Signature Series PB (v1)
The key things that I loved about the Signature Series PB were;

  • 14 litres of space
  • The tiny overall size
  • The level of adjustability
  • The ability to carry poles with ease
  • Great build quality

Some say that the version 1 had a few quirks with the quality of the materials but I never found this and I’ve had mine now for more than 6 years, the first 3 of those this was just a racing vest but afterwards it became an every day road and trail running pack that has done thousands of running and fast hiking miles. My Signature Series vest shows no sign of giving up anytime soon and you’ve got to love kit that just refuses to be replaced. Perhaps to highlight how much I love this running vest, despite mostly retiring it from racing service, I will still on a race morning pick this old friend out and check my kit in the back and go and race a marathon or a shorter ultra and it never lets me down.

UD have had some great vest and bags in the years since and I did buy the Signature Series (v3) of this pack which remains part of my racing and training rotation and had a number of truly excellent upgrades including the Burrito pocket. I’ve also use the original Fastpack 20 and Fastpack 15 – both of which have been excellent on things such as the Skye Trail Ultra, commuting and longer fastpacking adventures.

UD though seem to suffer periodic dips in form in terms of design and quality and it is always worth waiting a little while to ensure that their latest ‘innovations’ are actually improvements – for example I found the tightening systems on their last couple of adventure vests to be a little difficult and so avoided them. However, I would have no hesitation in buying more things from this well regarded brand, but I’d always want to test it first.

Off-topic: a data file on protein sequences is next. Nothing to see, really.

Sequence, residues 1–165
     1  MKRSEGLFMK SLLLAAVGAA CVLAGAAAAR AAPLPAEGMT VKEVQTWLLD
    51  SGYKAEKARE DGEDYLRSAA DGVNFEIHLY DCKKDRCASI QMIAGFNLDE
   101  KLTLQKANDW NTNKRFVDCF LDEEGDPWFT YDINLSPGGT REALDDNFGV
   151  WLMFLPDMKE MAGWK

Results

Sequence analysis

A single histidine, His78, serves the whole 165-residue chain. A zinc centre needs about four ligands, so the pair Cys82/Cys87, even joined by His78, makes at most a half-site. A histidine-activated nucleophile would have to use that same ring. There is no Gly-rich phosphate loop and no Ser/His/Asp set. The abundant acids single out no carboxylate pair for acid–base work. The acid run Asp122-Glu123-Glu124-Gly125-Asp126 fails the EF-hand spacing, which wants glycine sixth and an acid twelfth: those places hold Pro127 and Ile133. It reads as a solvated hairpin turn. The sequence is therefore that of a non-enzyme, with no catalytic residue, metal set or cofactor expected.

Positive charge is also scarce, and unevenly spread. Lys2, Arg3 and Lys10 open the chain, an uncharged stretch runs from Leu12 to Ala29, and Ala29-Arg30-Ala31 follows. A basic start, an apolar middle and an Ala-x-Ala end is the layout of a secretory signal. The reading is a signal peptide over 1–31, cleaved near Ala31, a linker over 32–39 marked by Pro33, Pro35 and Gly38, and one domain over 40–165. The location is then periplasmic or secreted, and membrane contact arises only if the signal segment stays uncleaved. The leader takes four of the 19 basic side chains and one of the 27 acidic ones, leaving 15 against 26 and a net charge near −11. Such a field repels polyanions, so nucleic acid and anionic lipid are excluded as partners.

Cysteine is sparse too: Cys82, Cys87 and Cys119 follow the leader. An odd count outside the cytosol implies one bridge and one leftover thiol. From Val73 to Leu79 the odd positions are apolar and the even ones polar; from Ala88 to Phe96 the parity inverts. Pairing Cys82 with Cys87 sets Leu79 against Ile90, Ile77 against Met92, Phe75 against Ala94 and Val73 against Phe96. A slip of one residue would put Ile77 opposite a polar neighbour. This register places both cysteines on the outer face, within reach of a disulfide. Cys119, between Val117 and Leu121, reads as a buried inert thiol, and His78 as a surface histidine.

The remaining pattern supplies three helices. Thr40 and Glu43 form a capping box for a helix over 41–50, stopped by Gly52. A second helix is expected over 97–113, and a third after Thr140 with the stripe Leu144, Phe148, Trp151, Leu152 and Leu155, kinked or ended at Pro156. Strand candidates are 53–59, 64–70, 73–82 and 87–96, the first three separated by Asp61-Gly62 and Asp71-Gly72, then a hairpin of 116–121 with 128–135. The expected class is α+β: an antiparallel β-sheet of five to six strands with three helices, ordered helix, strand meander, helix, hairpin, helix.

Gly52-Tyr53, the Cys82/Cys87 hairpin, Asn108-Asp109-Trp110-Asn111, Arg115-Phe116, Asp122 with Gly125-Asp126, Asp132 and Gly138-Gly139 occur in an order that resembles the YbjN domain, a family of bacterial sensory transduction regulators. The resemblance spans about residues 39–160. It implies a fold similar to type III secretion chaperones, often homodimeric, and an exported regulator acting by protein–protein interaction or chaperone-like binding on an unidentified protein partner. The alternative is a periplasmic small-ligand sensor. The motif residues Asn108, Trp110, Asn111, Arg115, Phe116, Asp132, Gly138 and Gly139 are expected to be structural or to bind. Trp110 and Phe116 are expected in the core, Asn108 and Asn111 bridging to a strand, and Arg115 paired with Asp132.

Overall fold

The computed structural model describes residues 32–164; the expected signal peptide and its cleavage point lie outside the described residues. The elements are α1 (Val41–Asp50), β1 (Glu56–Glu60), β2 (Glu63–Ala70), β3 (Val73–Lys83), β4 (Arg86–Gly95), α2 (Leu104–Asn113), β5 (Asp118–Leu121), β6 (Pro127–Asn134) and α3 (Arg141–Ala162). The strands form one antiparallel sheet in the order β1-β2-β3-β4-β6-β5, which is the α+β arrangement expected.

Visit the Ultimate Direction website for further information on their products

Raidlight
I came to Raidlight because I had this dream that one day I’d run the UTMB. Now, although I’ve subsequently relinquished that dream in favour of running more interesting races I did during my trip to the CCC discover the Raidlight brand and I fell immediately head over heels in love.

At the time though I had no need for a new running vest. I just purchased my first Hydragon from Oxsitis and I still had lots of others that were in perfectly good working order. So I returned to the UK and many months went by before I thought about Raidlight again. It was while walking up from Charing Cross to Oxford Street that I saw a gentleman wearing what I would later learn was the Raidlight Olmo 20. I chased this fully laden runner down the street in my shirt and trousers and ran alongside him quizzing him.